FILE - Louisiana Attorney General Jeff Landry

Louisiana Attorney General Jeff Landry

New Orleans-based appeals court to hear Affordable Care Act constitutionality arguments Tuesday

The U.S. Court of Appeals for the Fifth Circuit, based in New Orleans, will hear arguments Tuesday about whether the federal Affordable Care Act, also known as “Obamacare,” is constitutional.

A three-judge panel will review a federal trial court’s decision that the ACA’s individual mandate, and therefore the entire law, is unconstitutional. They will consider whether all the parties involved have standing to challenge the decision, whether the mandate (which is currently not being enforced) is constitutional, and if not, whether the entire law must be thrown out along with the mandate. A decision could be issued as early as this fall, according to the Kaiser Family Foundation.

Louisiana Attorney General Jeff Landry is one of the state attorneys general challenging the law. Landry also supported a new Louisiana law that directs the state insurance commissioner to create a Louisiana-level replacement of sorts if the ACA is ruled unconstitutional. Landry and Commissioner of Insurance Jim Donelon told lawmakers they expected Congress to maintain the subsidies to states that make the ACA’s benefits possible even if the law is thrown out, though U.S. Sen. John Kennedy, a Louisiana Republican, said he was unsure if that would happen.

Congressional delegation calls for disaster relief

Louisiana’s congressional delegation joined Gov. John Bel Edwards and Lt. Gov. Billy Nungesser in asking for a federal disaster declaration for the state’s fisheries, U.S. Sen. Bill Cassidy says.

A fishery disaster determination by Secretary of Commerce Wilbur Ross would allow Congress to appropriate money for relief.

The delegation’s letter to Ross notes the Mississippi River’s current “92-year flood record” and the U.S. Army Corps of Engineers opening the Bonnet Carré spillway twice in one year for the first time ever. Opening the flood-control structure disrupts many types of aquatic life vital to Louisiana’s seafood industry, the letter says.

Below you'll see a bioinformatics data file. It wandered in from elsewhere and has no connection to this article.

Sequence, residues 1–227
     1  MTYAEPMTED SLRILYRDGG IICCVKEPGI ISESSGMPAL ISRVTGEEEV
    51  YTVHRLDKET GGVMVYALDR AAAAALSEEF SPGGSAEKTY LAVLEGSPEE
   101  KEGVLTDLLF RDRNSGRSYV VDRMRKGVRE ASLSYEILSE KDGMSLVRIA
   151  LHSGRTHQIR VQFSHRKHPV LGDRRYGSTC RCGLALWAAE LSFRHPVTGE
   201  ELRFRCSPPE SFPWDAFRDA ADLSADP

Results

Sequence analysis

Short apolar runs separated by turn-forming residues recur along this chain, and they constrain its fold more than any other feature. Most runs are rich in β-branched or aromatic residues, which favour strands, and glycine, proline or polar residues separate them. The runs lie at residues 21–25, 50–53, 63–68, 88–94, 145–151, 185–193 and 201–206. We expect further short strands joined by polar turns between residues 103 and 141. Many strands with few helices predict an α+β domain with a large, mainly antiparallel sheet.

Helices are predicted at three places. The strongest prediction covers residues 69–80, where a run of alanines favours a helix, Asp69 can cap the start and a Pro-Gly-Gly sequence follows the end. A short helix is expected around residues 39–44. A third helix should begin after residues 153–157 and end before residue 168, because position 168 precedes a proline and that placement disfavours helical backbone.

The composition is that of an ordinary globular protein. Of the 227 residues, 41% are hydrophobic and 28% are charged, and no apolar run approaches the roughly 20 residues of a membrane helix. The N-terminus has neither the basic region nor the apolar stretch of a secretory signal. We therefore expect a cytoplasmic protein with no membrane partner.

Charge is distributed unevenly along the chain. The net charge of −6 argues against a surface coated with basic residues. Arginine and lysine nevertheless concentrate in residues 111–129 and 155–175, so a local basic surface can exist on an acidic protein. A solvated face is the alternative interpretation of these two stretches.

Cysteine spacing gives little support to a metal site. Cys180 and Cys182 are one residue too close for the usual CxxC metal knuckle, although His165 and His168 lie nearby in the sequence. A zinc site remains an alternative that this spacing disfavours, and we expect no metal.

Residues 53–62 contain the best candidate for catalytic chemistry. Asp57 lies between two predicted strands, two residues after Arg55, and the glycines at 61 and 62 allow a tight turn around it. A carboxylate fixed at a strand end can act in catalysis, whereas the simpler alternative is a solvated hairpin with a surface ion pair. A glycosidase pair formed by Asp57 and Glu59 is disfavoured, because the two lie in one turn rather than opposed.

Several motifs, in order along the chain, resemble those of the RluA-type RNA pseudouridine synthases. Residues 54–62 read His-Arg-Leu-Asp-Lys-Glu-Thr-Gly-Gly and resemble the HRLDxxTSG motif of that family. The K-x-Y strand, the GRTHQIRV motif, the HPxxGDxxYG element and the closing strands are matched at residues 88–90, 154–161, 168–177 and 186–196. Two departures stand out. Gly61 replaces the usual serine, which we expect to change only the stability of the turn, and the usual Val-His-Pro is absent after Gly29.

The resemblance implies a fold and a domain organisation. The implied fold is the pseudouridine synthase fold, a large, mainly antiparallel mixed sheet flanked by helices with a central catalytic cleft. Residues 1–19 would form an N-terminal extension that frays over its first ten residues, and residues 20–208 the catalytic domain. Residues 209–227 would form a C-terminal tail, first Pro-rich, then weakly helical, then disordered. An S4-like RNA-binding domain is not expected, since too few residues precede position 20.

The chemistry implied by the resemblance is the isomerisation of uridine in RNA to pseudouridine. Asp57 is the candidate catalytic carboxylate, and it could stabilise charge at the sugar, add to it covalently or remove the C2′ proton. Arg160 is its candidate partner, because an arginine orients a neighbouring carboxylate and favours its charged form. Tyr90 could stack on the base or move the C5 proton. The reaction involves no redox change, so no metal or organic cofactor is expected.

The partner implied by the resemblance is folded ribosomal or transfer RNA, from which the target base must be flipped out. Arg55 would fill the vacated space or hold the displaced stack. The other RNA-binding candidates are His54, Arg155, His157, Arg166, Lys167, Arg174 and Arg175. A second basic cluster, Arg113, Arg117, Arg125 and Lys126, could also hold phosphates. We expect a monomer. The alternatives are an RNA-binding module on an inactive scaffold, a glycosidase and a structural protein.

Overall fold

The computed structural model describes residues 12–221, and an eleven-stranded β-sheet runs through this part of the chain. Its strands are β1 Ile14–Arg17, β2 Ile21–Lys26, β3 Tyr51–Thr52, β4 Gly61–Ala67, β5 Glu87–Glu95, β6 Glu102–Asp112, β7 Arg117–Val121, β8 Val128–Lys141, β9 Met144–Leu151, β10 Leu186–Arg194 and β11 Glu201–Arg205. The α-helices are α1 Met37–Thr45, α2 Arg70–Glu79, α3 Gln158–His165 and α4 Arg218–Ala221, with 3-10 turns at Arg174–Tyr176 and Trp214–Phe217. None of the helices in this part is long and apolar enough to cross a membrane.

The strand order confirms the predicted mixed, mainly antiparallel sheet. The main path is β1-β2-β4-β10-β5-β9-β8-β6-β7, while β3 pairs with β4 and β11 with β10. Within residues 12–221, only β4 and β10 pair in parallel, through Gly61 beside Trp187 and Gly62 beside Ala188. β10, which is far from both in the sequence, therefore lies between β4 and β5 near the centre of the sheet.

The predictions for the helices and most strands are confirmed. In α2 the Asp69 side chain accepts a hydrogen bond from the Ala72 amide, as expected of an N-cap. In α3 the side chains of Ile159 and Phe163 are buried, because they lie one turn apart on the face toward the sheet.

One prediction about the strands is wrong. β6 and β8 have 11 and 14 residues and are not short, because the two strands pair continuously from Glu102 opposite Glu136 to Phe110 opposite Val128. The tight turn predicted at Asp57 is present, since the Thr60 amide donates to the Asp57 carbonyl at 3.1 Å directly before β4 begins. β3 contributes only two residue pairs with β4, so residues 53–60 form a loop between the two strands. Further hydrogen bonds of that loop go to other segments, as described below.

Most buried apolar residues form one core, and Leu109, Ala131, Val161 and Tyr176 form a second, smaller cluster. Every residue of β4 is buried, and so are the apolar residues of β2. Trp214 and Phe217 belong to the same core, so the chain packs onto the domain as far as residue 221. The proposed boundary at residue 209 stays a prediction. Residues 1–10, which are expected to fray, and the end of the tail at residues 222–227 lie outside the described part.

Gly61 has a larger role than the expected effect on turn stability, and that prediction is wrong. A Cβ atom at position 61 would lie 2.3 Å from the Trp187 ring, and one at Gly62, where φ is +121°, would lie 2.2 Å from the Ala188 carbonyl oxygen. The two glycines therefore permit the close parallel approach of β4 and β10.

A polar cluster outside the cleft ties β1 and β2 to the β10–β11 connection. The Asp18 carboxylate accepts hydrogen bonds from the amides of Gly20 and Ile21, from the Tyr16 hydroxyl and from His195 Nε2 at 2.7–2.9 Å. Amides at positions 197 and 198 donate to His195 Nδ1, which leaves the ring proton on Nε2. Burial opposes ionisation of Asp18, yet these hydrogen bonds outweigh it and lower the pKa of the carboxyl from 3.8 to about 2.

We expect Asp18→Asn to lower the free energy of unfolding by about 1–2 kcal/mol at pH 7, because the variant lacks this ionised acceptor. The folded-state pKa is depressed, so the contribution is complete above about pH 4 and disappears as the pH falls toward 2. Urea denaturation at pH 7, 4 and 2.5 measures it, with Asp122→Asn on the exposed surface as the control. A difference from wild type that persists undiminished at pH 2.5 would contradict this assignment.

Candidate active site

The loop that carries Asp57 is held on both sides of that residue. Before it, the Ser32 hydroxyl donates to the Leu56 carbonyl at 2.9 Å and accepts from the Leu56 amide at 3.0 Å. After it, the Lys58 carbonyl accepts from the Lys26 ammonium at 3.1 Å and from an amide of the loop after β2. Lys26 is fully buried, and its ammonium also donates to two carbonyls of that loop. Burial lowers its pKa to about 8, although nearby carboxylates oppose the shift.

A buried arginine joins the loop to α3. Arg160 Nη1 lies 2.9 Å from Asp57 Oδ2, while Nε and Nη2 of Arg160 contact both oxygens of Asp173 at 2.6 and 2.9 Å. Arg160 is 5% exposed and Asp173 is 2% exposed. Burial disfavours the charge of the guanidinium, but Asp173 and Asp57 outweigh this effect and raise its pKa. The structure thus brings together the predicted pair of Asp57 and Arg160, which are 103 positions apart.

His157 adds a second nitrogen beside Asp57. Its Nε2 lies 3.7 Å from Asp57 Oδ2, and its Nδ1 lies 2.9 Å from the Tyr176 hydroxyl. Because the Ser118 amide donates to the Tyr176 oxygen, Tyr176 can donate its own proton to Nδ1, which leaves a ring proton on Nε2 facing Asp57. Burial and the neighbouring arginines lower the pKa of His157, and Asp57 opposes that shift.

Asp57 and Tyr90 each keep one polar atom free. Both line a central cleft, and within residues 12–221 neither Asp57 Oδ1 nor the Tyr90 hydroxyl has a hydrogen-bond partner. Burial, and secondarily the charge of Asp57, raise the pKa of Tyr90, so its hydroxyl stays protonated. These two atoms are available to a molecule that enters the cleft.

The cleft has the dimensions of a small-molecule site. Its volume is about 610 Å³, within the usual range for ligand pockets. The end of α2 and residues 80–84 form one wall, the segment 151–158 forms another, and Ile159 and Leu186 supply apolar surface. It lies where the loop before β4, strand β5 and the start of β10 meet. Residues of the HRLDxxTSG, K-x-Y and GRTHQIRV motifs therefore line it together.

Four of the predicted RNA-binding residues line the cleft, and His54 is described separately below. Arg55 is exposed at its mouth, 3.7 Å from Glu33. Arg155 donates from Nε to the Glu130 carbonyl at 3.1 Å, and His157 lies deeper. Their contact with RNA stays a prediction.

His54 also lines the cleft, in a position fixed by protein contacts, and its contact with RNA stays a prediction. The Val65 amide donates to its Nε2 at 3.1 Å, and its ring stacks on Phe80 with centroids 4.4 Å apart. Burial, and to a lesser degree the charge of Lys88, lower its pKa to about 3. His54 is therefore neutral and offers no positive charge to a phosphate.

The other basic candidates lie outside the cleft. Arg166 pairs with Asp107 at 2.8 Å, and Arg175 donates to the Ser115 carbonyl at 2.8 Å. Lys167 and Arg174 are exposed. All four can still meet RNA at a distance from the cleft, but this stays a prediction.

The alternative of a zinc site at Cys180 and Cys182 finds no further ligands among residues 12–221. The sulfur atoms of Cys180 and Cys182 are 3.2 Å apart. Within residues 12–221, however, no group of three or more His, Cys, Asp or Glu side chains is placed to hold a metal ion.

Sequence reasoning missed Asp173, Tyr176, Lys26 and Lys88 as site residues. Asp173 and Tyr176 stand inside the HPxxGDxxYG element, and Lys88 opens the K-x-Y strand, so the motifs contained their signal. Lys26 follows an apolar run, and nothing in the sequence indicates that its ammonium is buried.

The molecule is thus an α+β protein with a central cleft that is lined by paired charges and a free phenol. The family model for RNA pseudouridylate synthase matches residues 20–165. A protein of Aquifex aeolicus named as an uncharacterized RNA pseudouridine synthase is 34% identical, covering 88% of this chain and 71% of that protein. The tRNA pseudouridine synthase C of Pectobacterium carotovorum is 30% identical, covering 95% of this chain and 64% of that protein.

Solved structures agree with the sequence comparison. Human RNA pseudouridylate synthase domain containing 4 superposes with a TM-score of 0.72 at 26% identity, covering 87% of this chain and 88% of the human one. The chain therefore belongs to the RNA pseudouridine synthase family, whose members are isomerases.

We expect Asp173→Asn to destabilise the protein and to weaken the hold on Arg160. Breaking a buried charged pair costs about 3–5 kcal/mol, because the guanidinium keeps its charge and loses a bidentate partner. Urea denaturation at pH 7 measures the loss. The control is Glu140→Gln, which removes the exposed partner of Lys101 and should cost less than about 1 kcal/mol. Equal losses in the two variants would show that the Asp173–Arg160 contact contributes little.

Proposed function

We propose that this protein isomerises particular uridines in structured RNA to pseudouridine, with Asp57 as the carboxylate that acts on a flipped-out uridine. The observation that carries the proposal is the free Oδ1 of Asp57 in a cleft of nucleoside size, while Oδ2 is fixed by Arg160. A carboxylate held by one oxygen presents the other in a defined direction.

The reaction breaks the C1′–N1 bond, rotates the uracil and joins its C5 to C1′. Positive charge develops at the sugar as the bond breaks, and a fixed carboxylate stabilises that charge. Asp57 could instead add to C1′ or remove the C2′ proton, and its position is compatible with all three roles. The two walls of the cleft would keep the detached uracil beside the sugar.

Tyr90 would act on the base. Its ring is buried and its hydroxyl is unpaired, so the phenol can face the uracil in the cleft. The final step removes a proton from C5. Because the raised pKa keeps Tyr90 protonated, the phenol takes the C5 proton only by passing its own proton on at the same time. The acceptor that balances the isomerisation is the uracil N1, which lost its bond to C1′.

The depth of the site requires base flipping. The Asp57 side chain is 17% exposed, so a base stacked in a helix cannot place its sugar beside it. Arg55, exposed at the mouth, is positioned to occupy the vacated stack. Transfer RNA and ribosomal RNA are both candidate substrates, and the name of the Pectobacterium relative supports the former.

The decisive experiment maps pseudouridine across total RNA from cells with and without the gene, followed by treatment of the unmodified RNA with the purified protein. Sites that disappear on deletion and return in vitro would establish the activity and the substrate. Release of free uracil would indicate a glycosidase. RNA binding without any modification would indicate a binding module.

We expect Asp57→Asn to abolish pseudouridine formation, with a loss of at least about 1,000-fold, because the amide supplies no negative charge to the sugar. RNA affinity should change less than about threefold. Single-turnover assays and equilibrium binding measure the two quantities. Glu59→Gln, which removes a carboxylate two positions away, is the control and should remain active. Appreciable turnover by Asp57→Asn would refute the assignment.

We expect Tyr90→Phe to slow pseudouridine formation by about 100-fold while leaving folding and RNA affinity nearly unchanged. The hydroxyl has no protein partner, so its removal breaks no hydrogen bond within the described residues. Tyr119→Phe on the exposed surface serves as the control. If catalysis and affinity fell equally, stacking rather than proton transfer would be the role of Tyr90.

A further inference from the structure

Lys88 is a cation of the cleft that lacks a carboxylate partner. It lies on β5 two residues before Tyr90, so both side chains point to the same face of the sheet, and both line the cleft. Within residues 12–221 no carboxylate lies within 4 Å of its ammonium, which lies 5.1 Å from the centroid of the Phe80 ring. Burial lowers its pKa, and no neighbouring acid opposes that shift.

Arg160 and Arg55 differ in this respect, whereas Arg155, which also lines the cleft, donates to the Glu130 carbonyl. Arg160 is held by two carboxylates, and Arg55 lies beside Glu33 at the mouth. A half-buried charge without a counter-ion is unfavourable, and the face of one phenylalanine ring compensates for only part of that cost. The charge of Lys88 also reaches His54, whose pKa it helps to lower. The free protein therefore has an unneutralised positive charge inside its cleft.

Campaign for Louisiana governor warms up

Gov. John Bel Edwards officially kicked off his re-election campaign over the  weekend with an event in his hometown of Amite, the first of a series of rallies around the state. Edwards also has released his first campaign ad, where he touts the current fiscal condition of state government in contrast with former Gov. Bobby Jindal’s administration.

Congressman Ralph Abraham, one of two Republican challengers, celebrated a social media post his campaign said was viewed by more than three million people and shared more than 45,000 times. His campaign pointed to the “viral post,” which included a picture of the U.S. Navy Blue Angels at the Washington, D.C. Independence Day event, as evidence his “message is resonating.”

Businessman Eddie Rispone, also a Republican candidate for governor, has released a web ad that emphasizes his support for President Donald Trump. Rispone’s campaign touts his own background as a conservative political “outsider.”

DEQ to hold air permit hearing for controversial plant

The Louisiana Department of Environmental Quality will hold a public hearing in Vacherie Tuesday on proposed air permits for a new $9.4 billion ethylene plant proposed by Formosa Petrochemical Corp.

Gov. John Bel Edwards celebrated the project announcement last year, saying it would create 1,200 direct jobs and 8,000 indirect jobs. Some environmentalists and local activists oppose the project, pointing to numerous pollution issues at a similar plant owned by the company in Texas.


David Jacobs is a Baton Rouge-based award-winning journalist who has written about government, politics, business and culture in Louisiana for almost 15 years. He joined The Center Square in 2018.